At the time of purchase, the stock was trading at what we believe to be a low valuation compared to the overall Japanese market. The reason for the below-market-average valuation is due to the market’s misperception of the insurance industry, in our opinion. Insurance businesses are generally regarded as mundane and mature in Japan. While this is true to some extent, the industry as a whole has been growing faster than Japan’s GDP and now is an oligopoly due to industry consolidation. Furthermore, its sizable overseas underwriting businesses are driving the overall net premium growth rate to mid-single digits. 

Tokio Marine is one of three mega-insurance groups in Japan that are attractive due to the following:

1.  After years of consolidation, they control nearly 90% of the domestic underwriting business, allowing them to generate abundant cash flows. 

2.  They own “strategic equity holdings” worth tens of billions of dollars, which used to be the target of shareholder criticism as under-utilized assets but now are being wisely utilized to create shareholder value.

We believe great businesses sometimes hide in plain sight. For example, with portfolio holding Unicharm Corp. we have found the baby diaper business and other baby care products business attractive due to their relatively strong pricing power and brand equity for Japan-made premium products. Tokio Marine is yet another portfolio example of a great business hiding in plain sight.

What makes Tokio Marine a “growth in disguise” company?

A “growth in disguise” company has growth prospects that are as compelling as the Fund’s other portfolio holdings but the stock is valued at what we believe to be a low price to earnings (P/E) multiple.

We consider Tokio Marine to be a “growth stock in disguise” business. Tokio Marine’s compounded annual growth rate (CAGR) could be comparable to other portfolio holdings, yet the sources of return differ. Many of the Fund’s holdings do not engage in share buybacks nor offer dividends, and therefore the future investment return relies solely on earnings growth—aside from valuation multiple expansion.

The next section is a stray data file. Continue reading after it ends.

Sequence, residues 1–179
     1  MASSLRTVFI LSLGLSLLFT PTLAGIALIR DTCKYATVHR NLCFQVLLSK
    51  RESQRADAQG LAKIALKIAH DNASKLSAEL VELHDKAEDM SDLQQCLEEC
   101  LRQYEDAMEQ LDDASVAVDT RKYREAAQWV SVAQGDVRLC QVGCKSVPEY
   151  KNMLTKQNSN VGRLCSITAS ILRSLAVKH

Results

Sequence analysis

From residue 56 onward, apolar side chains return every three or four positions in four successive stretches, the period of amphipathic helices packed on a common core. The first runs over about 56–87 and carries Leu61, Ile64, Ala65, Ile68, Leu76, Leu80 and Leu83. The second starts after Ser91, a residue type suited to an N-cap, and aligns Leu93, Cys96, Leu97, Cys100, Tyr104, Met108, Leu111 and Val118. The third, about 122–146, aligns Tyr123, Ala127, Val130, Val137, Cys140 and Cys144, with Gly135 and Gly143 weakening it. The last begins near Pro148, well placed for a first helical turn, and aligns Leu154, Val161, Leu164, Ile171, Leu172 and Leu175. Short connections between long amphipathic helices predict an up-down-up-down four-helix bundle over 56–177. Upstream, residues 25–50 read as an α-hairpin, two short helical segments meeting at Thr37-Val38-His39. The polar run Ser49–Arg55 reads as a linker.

For stocks with share buybacks and dividend yields, the total investment return equals the sum of aggregate profit growth, incremental increase in earnings per share driven by share buybacks, and dividend yield. In the case of Tokio Marine Holdings, this total investment return should fall within a range between high single digits to over 10%.

Holdings Sony Group and Hitachi also fit this “growth stock in disguise” category. When purchased, Sony Group was valued at 13x forward P/E in 2019/2020 and Hitachi was valued at 10x forward P/E last year.

Looking ahead to the rest of 2022, would you please provide an outlook for the Fund?

Despite Japan’s macroeconomic challenges of inflationary pressures and an aging and shrinking population, we believe it’s important to focus on individual market-leading companies that are well run and globally competitive. 

From a portfolio perspective, many of the Fund’s holdings can be broadly grouped into two types of companies: 

1.  High-quality companies whose competitive strengths are rooted in manufacturing excellence. We continue to view manufacturing excellence to be Japan’s durable competitive advantage, and our holdings have excellent track records of navigating past recessions. We believe they have the ability to weather inflationary headwinds over time.

2.  Businesses whose compelling economics are in intangible assets. These companies require little capital to grow and have high returns on capital and high operating leverage, providing potential growth regardless of an inflationary environment.